It is worth noting that Pipes made no mention of Israel and the possible advantages to it of the war on Iraq and a civl war there.

The Australian Broadcasting Corporation interviewer of 2 March said that while Pipes might not think it is a legal obligation to rehabilitate, actually under international law occupying forces have the legal duty to protect civilians in the country that they are occupying.

Pipes said: “I don’t believe, at this point, the coalition forces in Iraq constitute an occupation no more than say American forces in Europe are an occupation force at this point. They are there at the invitation of the government and can be told by the government to leave. So this is not an occupation any more. I say the Iraqis are adults, they are not our wards. They will define their future. We can help them but it is not our burden to re-establish, to rehabilitate Iraq on a new basis.”

Still this warmonger was nominated by President Bush in April 2003 to the board of the United States Institute of Peace USIP), an independent, nonpartisan, national institution established and financed by Congress.

The goals of the Institute are “to help prevent and resolve violent international conflicts, promote post-conflict stability and democratic transformations and increase peacebuilding capacity, tools and intellectual capital worldwide.” It has a Muslim World Initiative with a number of projects which stress engagement and dialogue between the US and other Western countries and Muslims.

Given Pipes’ often expressed ultra-hawkish views on for example the Israeli-Palestinian conflict, and his hostility to Islam to the point of being regarded as an Islamophobe, there was astonishment and disappointment in some quarters that the US President should have nominated him of all people. It was seen as confirmation of the grip the neoconservatives had tightened on the administration, and the inroads that the extremist thinking of Pipes was making. The nomination reflected badly on the credibility of Bush and of USIP.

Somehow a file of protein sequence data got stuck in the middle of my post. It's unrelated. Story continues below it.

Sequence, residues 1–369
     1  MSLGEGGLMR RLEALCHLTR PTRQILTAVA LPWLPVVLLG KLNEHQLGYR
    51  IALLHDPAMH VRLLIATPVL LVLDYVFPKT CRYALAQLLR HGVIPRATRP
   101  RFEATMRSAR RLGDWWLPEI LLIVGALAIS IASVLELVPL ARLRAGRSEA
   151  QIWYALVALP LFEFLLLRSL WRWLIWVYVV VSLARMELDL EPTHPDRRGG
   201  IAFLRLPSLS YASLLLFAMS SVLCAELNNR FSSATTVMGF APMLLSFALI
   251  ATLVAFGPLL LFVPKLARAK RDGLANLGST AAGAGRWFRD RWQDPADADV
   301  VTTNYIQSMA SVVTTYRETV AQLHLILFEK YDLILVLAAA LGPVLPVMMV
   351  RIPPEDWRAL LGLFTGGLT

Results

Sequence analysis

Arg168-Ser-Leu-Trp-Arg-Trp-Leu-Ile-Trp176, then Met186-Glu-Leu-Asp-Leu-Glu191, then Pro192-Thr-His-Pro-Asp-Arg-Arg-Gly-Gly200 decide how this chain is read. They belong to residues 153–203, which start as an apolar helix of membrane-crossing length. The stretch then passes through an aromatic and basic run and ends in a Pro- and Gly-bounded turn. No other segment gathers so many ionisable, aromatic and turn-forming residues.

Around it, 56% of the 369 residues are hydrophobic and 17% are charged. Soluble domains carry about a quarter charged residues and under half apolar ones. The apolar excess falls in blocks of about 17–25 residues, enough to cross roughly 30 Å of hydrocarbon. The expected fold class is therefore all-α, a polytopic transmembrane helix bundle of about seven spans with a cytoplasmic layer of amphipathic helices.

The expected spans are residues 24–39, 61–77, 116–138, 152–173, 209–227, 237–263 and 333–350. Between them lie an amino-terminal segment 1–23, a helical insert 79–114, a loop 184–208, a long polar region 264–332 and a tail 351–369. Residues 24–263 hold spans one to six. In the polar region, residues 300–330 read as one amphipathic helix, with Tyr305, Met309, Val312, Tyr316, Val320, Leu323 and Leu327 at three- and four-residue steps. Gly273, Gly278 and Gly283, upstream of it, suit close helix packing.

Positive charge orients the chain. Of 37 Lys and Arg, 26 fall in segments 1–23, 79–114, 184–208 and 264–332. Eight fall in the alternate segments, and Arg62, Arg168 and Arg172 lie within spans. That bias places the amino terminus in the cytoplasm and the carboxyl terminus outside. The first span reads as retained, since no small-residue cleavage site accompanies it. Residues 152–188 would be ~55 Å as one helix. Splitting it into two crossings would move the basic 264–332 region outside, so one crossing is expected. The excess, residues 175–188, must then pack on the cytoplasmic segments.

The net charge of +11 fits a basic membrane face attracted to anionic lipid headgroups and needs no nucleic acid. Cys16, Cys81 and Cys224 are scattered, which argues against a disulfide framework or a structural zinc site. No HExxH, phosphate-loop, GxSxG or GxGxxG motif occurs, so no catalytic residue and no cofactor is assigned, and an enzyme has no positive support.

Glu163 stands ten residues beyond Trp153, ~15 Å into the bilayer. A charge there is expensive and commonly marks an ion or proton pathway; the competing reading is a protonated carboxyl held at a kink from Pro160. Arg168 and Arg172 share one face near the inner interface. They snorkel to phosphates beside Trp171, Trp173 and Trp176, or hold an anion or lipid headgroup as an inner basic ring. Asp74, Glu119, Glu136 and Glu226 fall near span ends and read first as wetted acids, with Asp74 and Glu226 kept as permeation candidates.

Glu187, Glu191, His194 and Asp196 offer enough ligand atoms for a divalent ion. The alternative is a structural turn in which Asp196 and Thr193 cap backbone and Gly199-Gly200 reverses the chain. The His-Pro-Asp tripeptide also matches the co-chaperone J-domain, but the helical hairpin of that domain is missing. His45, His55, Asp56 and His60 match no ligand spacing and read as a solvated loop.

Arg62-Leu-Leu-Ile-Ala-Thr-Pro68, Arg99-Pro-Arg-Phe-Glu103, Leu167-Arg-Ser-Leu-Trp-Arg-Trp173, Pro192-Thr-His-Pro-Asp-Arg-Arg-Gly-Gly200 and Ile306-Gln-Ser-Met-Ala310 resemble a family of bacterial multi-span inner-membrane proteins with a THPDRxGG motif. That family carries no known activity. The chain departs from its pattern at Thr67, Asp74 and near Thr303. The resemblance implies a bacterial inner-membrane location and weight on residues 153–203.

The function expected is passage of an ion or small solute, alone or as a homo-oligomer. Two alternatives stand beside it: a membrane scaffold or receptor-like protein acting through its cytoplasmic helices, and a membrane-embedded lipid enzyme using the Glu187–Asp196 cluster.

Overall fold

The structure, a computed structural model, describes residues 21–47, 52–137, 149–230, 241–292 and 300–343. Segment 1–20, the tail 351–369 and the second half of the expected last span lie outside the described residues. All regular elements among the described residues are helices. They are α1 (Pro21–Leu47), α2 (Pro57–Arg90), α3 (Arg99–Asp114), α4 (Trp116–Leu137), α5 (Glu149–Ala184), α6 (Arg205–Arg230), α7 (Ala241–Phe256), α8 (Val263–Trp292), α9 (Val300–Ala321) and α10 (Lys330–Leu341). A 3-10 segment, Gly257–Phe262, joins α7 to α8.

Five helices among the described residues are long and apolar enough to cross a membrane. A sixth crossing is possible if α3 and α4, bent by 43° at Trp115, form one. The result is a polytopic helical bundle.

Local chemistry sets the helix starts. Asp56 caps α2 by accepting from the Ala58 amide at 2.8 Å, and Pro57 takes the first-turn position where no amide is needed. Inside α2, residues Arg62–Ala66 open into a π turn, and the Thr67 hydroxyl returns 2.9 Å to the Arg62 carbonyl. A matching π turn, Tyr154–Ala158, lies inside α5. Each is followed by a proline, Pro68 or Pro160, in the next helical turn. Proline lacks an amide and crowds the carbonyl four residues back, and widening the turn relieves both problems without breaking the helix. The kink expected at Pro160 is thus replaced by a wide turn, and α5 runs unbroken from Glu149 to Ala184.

There was opposition from some Democratic senators, including Edward Kennedy, but Bush bypassed the Senate and gave Pipes a recess appointment. He served until the end of Congress in January 2005.

The nomination was greeted with dismay by American Muslim groups and liberal Jewish organisations. Susannah Heschel, a professor of Jewish Studies at Dartmouth and co-chair of the liberal Jewish group Tikkun was quoted as saying “Daniel Pipes is not a peacemaker” and that the nomination was like “appointing me to be the head of nuclear physics at Los Alamos.”

The Council on American-Islamic Relations called Pipes the “nation’s leading Islamophobe” and campaigned against his nomination.

Pipes was supported by groups such as the American Israel Public Affairs Committee (AIPAC), the American Jewish Congress, the Zionist Organization of America and the Christian Coalition.

He seems at odds with the ethos of the Institute. Not only is he harsh towards Muslims and on Palestine, but he for example denies the US has a moral obligation towards Iraq or Afghanistan after invasions.

All that comes to mind is: only in America…